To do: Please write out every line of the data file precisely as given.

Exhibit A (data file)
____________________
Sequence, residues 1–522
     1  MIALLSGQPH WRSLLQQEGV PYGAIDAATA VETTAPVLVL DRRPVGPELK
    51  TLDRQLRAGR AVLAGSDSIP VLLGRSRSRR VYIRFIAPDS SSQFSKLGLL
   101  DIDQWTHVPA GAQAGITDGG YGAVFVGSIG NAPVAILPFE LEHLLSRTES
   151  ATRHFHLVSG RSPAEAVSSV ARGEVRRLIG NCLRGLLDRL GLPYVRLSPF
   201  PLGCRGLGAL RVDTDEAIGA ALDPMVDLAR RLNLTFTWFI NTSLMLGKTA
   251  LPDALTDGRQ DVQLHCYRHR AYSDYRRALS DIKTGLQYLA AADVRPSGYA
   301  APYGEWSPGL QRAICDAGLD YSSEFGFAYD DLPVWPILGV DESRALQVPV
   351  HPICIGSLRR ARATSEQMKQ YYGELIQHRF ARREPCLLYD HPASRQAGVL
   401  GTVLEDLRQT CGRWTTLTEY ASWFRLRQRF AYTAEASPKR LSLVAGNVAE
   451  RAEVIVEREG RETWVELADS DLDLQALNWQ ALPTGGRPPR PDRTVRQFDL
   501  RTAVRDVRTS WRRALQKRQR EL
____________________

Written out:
Sequence, residues 1–522
     1  MIALLSGQPH WRSLLQQEGV PYGAIDAATA VETTAPVLVL DRRPVGPELK
    51  TLDRQLRAGR AVLAGSDSIP VLLGRSRSRR VYIRFIAPDS SSQFSKLGLL
   101  DIDQWTHVPA GAQAGITDGG YGAVFVGSIG NAPVAILPFE LEHLLSRTES
   151  ATRHFHLVSG RSPAEAVSSV ARGEVRRLIG NCLRGLLDRL GLPYVRLSPF
   201  PLGCRGLGAL RVDTDEAIGA ALDPMVDLAR RLNLTFTWFI NTSLMLGKTA
   251  LPDALTDGRQ DVQLHCYRHR AYSDYRRALS DIKTGLQYLA AADVRPSGYA
   301  APYGEWSPGL QRAICDAGLD YSSEFGFAYD DLPVWPILGV DESRALQVPV
   351  HPICIGSLRR ARATSEQMKQ YYGELIQHRF ARREPCLLYD HPASRQAGVL
   401  GTVLEDLRQT CGRWTTLTEY ASWFRLRQRF AYTAEASPKR LSLVAGNVAE
   451  RAEVIVEREG RETWVELADS DLDLQALNWQ ALPTGGRPPR PDRTVRQFDL
   501  RTAVRDVRTS WRRALQKRQR EL